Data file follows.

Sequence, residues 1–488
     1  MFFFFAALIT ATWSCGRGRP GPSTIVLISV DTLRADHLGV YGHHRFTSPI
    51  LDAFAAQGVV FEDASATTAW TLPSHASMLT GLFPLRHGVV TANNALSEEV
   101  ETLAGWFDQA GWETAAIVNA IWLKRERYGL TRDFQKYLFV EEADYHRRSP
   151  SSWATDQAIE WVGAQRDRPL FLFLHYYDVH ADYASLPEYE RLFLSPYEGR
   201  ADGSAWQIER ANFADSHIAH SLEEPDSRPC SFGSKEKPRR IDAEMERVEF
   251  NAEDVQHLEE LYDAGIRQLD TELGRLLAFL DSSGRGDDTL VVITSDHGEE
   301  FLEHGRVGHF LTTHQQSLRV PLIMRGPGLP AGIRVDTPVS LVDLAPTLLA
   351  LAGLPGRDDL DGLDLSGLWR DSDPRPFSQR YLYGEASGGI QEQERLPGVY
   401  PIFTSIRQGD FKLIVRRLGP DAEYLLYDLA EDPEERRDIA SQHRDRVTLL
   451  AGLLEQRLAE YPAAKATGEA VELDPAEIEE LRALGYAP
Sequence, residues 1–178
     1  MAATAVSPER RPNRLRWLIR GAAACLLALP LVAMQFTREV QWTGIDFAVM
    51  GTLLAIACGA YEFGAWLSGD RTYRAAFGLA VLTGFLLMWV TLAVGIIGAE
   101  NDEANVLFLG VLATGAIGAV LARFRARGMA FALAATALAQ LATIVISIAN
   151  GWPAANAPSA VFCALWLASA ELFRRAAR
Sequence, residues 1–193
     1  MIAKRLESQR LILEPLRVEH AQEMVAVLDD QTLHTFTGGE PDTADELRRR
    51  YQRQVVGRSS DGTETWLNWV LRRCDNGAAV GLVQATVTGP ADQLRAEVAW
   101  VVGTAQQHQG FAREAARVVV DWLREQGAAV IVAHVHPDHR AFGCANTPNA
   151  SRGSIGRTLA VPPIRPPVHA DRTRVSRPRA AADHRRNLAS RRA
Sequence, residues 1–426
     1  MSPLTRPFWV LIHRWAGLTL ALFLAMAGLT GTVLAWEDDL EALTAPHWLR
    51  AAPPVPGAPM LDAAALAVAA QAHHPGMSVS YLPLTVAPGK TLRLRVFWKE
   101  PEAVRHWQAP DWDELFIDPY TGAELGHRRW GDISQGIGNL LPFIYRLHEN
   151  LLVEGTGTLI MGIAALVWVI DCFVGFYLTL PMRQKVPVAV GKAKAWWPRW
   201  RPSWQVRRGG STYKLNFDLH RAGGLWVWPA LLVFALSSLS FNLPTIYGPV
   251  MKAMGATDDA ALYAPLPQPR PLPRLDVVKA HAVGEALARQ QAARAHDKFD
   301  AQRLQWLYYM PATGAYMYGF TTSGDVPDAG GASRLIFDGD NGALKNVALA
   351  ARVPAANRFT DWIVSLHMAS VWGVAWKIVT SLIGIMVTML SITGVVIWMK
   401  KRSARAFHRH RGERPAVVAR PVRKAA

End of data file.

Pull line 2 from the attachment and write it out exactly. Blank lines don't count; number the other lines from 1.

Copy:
     1  MFFFFAALIT ATWSCGRGRP GPSTIVLISV DTLRADHLGV YGHHRFTSPI